Mark is a graph advocate and field engineer for Neo Technology, the company behind the Neo4j graph database. As a field engineer, Mark helps customers embrace graph data and Neo4j building sophisticated solutions to challenging data problems. When he's not with customers Mark is a developer on Neo4j and writes his experiences of being a graphista on a popular blog at http://markhneedham.com/blog. He tweets at @markhneedham. Mark is a DZone MVB and is not an employee of DZone and has posted 553 posts at DZone. You can read more from them at their website. View Full User Profile

Trying Not to Overdo It With Testing

03.31.2012
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The design of the code which contains the main logic of the application that I’m currently working on looks a bit like the diagram on the right hand side:

Orchestration code

We load a bunch of stuff from an Oracle database, construct some objects from the data and then invoke a sequence of methods on those objects in order to execute our domain logic.

Typically we might expect to see unit level test against all the classes described in this diagram but we’ve actually been trying out an approach where we don’t test the orchestration code directly but rather only test it via the resource which makes use of it.

We originally started off writing some tests around that code but they ended up being really similar to our database and resource tests.

Having them around also made it difficult to change the way the orchestration worked since we’d end up breaking most of the tests when we tried to change anything.

One disadvantage of not testing this code is that we end up using the debugger more when trying to work out why resource tests aren’t working since we now have more code being directly tested.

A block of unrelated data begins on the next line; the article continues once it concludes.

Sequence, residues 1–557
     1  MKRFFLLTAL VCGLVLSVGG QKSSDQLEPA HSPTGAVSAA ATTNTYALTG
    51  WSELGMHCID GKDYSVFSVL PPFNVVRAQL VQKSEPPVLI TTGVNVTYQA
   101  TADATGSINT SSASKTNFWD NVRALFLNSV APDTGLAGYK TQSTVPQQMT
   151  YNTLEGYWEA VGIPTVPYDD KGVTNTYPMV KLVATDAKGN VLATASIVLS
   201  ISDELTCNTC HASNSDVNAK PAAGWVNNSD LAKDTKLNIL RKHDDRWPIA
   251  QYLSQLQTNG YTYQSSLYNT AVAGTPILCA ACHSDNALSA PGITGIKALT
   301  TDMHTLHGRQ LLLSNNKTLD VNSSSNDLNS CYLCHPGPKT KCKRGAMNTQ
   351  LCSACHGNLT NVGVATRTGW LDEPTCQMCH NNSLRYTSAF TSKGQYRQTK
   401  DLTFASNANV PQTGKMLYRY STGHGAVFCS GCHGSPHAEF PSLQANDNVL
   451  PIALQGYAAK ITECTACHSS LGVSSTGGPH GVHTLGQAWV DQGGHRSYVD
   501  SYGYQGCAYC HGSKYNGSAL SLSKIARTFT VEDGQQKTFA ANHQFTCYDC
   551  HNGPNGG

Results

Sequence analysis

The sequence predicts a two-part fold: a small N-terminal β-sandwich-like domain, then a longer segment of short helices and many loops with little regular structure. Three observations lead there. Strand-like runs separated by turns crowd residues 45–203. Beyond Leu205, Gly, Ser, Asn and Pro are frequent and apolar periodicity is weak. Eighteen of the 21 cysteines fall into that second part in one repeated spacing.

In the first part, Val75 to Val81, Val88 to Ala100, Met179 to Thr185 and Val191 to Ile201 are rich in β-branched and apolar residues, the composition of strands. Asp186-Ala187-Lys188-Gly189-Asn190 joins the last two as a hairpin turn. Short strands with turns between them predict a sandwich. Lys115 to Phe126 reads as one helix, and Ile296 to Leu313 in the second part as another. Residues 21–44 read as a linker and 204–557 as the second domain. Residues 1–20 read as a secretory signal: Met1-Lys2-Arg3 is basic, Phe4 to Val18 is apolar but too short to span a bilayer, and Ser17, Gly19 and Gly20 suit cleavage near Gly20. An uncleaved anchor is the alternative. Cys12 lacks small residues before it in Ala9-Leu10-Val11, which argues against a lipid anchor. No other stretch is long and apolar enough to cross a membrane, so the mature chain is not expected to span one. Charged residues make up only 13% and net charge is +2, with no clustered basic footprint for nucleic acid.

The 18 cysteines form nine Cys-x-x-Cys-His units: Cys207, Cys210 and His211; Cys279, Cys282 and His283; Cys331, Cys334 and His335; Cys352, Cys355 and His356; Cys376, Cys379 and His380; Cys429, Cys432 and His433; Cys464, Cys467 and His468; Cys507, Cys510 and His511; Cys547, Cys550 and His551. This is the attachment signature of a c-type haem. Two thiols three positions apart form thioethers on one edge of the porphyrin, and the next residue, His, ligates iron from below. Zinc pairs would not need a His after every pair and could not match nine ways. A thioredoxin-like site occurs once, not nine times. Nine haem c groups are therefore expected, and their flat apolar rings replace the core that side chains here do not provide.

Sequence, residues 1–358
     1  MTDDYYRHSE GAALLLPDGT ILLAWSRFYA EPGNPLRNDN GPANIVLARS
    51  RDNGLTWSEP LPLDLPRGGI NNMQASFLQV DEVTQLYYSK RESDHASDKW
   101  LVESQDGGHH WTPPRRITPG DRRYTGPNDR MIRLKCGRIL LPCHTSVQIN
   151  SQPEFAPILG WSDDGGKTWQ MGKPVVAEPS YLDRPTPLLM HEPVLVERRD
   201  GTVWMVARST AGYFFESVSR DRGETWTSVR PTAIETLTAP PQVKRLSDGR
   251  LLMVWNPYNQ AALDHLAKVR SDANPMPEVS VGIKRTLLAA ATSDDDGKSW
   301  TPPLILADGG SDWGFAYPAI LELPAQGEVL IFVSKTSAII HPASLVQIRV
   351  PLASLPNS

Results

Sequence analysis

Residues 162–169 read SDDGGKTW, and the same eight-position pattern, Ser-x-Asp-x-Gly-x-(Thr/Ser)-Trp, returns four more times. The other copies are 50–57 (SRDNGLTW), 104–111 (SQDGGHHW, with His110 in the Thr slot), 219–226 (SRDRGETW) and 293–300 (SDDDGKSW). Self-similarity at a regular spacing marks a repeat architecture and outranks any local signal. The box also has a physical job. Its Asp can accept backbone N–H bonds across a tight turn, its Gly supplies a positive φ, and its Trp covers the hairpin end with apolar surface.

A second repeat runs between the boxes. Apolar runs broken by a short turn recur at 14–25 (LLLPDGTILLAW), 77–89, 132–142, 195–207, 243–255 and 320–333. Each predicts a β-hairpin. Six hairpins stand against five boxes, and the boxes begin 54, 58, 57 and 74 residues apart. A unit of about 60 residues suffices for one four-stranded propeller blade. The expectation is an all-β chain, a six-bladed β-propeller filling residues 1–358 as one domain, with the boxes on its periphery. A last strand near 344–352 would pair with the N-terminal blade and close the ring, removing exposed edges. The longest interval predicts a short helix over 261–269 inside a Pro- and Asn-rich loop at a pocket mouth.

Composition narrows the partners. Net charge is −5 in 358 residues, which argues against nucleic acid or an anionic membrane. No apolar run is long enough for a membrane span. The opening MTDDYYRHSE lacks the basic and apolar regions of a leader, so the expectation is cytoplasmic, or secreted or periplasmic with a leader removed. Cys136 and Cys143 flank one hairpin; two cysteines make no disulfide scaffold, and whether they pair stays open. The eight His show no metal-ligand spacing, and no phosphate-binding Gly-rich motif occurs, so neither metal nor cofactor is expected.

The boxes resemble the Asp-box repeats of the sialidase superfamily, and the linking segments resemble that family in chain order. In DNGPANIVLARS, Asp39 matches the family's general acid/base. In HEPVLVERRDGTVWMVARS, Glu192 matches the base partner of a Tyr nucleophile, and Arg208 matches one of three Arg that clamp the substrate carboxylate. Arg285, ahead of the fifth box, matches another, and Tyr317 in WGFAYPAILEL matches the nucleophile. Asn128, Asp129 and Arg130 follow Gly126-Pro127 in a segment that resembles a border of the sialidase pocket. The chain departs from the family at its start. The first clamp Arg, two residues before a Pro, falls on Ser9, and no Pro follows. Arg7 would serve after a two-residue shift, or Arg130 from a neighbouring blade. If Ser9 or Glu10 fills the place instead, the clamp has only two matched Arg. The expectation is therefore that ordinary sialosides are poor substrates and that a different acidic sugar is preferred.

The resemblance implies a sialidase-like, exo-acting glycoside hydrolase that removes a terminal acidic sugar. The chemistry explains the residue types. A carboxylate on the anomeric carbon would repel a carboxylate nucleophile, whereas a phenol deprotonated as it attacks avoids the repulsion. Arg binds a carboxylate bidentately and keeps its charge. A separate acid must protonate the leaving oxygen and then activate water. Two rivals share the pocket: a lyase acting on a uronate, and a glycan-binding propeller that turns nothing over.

Orchestration tests2

On the other hand we’ve been forced to drive logic into the domain objects as a result since we don’t have any other place to test that functionality from.

Testing directly against the domain objects is much easier since everything’s in memory and we can easily setup the data to be how we want it to be and inject it into the objects.

Another approach we could have taken would be to mock out the dependencies of the orchestration code but since this code is mostly coordinating other classes there are a lot of dependencies and the tests ended up being quite complicated and brittle.

Initially I was of the opinion that it wasn’t a good idea to not test the orchestration code but looking back a month later I think it’s working reasonably well and putting this constraint on ourselves has made the code easier to change while still being well tested.

Published at DZone with permission of Mark Needham, author and DZone MVB. (source)

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